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Wachovia Bank admits laundering billions in illegal drug profits (+Bank of America; Wells Fargo)

From this:

[Wachovia Bank]... made a habit of helping move money for Mexican drug smugglers. Wells Fargo & Co., which bought Wachovia in 2008, has admitted in court that its unit failed to monitor and report suspected money laundering by narcotics traffickers... The admission came in an agreement that Charlotte, North Carolina-based Wachovia struck with federal prosecutors in March... Wachovia admitted it didn’t do enough to spot illicit funds in handling $378.4 billion for Mexican-currency-exchange houses from 2004 to 2007. That’s the largest violation of the Bank Secrecy Act, an anti-money-laundering law, in U.S. history -- a sum equal to one-third of Mexico’s current gross domestic product...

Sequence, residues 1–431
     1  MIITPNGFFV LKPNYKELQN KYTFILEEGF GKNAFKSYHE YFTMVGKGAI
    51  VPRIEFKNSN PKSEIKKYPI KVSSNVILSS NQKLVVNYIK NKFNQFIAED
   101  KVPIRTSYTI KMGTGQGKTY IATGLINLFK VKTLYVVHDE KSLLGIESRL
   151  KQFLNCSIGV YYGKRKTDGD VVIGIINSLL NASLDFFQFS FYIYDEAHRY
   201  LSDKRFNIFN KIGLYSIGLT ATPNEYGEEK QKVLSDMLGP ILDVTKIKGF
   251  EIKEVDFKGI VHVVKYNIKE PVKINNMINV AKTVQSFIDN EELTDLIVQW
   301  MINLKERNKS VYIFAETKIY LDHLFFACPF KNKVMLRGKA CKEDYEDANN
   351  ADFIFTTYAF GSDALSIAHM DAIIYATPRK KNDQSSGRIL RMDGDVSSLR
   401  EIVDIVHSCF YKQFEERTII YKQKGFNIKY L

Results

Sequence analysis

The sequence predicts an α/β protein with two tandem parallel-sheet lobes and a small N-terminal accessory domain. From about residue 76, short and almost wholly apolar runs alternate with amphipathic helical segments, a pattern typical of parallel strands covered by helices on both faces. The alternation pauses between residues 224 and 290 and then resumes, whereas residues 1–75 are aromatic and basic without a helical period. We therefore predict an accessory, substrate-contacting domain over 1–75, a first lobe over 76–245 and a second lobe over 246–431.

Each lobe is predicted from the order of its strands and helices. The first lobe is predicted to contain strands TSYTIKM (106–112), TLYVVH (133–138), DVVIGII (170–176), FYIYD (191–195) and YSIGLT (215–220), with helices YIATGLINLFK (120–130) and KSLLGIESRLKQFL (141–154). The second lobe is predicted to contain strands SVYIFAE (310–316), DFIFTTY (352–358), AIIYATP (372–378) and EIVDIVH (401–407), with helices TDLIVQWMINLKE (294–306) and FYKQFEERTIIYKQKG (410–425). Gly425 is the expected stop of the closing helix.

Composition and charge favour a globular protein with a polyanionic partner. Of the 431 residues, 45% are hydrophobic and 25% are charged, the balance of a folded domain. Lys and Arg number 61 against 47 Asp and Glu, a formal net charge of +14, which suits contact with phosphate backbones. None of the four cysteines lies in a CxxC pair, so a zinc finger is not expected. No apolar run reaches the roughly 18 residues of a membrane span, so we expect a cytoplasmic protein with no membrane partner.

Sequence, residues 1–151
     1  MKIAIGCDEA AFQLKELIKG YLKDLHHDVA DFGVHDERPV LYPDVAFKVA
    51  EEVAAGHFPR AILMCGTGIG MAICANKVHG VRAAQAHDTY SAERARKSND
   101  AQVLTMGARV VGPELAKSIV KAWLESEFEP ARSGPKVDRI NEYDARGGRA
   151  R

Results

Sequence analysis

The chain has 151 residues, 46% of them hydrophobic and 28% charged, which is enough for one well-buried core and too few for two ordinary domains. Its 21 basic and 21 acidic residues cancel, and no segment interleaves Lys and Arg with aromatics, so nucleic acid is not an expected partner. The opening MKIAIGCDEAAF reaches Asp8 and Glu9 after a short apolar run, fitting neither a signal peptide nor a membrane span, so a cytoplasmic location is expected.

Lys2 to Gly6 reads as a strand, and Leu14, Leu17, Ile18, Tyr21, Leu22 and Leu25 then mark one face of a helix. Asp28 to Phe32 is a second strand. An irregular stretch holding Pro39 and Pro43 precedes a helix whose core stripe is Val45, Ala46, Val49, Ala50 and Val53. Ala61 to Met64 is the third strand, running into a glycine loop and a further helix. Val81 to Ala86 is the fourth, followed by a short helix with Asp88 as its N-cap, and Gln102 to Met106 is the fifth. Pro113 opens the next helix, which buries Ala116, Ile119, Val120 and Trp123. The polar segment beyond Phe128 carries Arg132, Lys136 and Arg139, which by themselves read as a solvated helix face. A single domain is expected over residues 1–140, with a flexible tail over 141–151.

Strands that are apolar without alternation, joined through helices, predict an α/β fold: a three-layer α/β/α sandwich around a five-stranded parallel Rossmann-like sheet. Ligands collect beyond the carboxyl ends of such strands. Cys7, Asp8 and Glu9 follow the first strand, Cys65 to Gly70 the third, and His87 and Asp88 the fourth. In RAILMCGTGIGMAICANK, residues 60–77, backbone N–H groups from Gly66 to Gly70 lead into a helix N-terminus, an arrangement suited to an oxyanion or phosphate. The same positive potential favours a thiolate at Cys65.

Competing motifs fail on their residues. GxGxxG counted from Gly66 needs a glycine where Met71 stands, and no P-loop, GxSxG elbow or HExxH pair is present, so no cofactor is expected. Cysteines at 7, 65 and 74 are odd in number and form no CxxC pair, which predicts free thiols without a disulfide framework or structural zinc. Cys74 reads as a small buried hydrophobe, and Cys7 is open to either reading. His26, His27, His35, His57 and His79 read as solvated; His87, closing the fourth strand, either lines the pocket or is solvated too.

[Wachovia isn't alone...] Miami-based American Express Bank International paid fines in both 1994 and 2007 after admitting it had failed to spot and report drug dealers laundering money through its accounts. Drug traffickers used accounts at Bank of America in Oklahoma City to buy three planes that carried 10 tons of cocaine, according to Mexican court filings...

[...BofA and another bank, HSBC, haven't been charged...]

...Large banks are protected from indictments by a variant of the too-big-to-fail theory...

Also see immigration banks for domestic examples of banks trying to profit from money that was earned illegally, as well as those like Arnold Schwarzenegger who want to help them.

Mon, 07/05/2010 - 20:13 · Importance: 4